Jen Berman envisioned she would become a veterinarian, but a chance trip to Wine Country put her on a quite different road, one that in 15 years has put the 37-year-old at the helm of two Sonoma County wineries.
The Phillips family behind Michael David Winery of Lodi hired Berman last month to get their new Sonoma County winery ready to receive North Coast grapes this fall. It had been Silver Oak Cellars’ Alexander Valley facility until the sale in May.
With harvest coming in the next couple of months, Berman has dived in, hiring a cellarmaster and preparing to hire a small harvest and cellar crew. The Lodi winery team is also pitching in for this year.
“We’ll keep it there for now, because the focus this year really is just about production and consolidating the grapes that Michael David already purchases in Sonoma County, Lake County, Mendocino County, and producing it in this facility rather than through custom-crush facilities,” Berman said. “But in the future the vision is to create a Sonoma County- or Alexander Valley-focused brand under the Michael David umbrella. In which case, we’d certainly utilize the tasting room and winery space there for a hospitality program.”
The plan is to crush about 1,000 tons of grapes at the Geyserville winery this fall. While some upgrades to the facility are envisioned, but Silver Oak turned over a turnkey operation that could be operated that way through harvest, Berman said. The winery is permitted to produce 70,000 cases annually.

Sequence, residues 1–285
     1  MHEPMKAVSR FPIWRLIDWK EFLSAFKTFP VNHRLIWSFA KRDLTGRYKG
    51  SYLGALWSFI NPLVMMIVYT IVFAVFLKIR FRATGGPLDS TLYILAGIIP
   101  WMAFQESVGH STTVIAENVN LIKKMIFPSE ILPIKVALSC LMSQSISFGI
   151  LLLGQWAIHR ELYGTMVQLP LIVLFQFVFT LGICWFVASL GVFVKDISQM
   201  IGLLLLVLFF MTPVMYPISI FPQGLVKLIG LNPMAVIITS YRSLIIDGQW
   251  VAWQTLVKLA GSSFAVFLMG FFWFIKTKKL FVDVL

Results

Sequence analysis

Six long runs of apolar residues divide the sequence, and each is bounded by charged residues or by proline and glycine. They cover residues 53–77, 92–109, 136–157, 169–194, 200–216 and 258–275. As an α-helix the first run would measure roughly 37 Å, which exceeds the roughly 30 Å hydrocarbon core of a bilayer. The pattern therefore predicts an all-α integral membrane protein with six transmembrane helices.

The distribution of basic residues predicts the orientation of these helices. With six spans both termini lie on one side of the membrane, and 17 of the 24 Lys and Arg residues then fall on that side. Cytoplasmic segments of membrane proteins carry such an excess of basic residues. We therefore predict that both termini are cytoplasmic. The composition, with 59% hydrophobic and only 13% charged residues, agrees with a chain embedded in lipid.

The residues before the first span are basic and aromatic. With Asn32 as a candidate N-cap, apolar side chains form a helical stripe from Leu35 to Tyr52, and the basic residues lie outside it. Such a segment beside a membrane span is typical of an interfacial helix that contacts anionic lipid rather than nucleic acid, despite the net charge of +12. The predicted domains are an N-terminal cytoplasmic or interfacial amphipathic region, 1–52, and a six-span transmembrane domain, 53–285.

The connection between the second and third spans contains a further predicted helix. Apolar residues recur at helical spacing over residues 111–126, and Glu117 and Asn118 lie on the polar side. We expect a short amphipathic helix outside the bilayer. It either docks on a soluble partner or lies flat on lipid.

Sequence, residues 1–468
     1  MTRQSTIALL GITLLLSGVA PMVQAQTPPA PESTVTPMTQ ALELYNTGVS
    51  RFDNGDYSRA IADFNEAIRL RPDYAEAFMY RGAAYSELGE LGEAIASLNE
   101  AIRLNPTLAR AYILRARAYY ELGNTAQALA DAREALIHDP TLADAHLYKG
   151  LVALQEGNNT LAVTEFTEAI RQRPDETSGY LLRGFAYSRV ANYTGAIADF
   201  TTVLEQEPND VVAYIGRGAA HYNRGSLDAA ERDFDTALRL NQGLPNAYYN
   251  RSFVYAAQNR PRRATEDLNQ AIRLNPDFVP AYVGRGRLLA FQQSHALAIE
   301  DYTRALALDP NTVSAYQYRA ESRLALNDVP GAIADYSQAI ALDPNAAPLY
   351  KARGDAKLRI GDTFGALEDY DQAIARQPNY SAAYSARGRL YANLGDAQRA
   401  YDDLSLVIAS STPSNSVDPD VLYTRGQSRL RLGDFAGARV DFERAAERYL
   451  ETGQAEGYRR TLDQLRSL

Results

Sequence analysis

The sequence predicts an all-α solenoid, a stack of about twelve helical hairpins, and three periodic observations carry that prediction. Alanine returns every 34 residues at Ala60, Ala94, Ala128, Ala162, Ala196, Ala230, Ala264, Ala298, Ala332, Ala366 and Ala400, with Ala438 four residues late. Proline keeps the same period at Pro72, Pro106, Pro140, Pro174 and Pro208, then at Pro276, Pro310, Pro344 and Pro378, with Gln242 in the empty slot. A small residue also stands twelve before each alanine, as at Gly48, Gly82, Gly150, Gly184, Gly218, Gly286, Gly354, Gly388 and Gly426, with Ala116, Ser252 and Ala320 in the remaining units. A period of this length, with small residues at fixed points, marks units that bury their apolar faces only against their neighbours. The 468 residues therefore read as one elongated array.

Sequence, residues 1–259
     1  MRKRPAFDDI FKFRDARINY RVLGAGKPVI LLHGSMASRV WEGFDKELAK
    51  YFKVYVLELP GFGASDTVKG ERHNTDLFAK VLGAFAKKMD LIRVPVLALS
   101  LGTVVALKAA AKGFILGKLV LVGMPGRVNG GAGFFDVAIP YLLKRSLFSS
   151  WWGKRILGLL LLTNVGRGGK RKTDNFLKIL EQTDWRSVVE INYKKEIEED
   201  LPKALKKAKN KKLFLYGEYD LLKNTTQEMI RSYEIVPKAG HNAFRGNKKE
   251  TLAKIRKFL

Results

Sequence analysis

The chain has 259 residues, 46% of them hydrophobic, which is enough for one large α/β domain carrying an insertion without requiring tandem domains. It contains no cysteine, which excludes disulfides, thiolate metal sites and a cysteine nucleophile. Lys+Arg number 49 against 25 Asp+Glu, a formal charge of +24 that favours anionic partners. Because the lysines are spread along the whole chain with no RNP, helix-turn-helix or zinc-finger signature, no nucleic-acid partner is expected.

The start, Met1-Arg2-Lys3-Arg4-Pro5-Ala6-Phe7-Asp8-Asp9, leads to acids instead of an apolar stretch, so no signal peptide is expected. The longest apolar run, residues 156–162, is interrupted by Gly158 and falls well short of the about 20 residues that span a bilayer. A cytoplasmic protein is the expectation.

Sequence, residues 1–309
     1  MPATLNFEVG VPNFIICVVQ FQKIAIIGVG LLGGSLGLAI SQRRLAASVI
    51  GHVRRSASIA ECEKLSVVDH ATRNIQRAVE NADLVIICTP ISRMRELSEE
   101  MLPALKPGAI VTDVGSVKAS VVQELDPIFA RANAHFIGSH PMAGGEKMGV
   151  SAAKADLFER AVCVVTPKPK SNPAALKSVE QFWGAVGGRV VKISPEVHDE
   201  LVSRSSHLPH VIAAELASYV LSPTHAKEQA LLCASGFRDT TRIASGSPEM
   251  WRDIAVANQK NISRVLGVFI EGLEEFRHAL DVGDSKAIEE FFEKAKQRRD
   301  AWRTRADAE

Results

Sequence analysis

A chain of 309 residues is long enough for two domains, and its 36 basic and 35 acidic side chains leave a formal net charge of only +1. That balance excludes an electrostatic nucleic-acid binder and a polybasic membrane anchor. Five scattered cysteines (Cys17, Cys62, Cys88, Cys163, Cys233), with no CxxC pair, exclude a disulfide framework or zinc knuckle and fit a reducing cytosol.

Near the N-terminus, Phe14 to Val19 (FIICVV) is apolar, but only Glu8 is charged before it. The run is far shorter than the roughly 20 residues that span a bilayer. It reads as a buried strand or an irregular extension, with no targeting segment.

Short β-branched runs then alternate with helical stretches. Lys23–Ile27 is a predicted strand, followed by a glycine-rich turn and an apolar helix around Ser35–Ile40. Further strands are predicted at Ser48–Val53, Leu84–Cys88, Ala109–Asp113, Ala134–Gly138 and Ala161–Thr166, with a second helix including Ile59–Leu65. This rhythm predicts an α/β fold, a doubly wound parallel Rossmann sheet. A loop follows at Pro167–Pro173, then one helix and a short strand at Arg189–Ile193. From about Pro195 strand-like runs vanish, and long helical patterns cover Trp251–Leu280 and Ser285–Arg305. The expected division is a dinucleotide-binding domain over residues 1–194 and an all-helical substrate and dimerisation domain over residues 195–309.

Berman’s first turn in winery top management came at another Alexander Valley producer. She became co-general manager of Stryker Sonoma with Craig MacDonald in March 2010 and assumed the full role in 2013, when MacDonald moved to the same position at Selby Winery in Healdsburg. That’s also when Berman received her Sonoma State University MBA, obtained while planning her wedding to Annie Ebiner and preparing for Ebiner’s birth of their daughter.
“It was a good credential to back up the little experience I had and give some credibility I felt I needed,” Berman said. “People were thinking, ‘You’re 29-30 years old, and you’re a GM?’ … I struggle in this industry, not only as a female but also as a young person.”
While there have been more women moving into leadership roles in the decade and a half she’s been in the business, Berman has been working to make up for not growing up as a scion of generations of vintners. One thing that attracted her to the Phillips family is their five generations of grapegrowing and winemaking, with the sixth generation already getting involved.
“I had to grab mentors where they were available,” Berman said. Those have included MacDaniel and Kim McDaniel, chief financial officer of Pat Stryker’s Bohemian Foundation.
On finishing an undergraduate biochemistry degree from the University of California, Los Angeles, in 2002, the idea of several more years of medical school was daunting, and working indoors in a laboratory for an outdoors enthusiast was too confining. A welcome diversion came when a family friend from Healdsburg talked her into visiting.
Wine wasn’t part of family culture while growing up in the eastern L.A. suburb of Claremont. But entrepreneurialism is, thanks to parents Ann and Dan Berman, who still run Rooms N’ Covers patio-cover installation in Ontario. The weeklong visit led to a new career.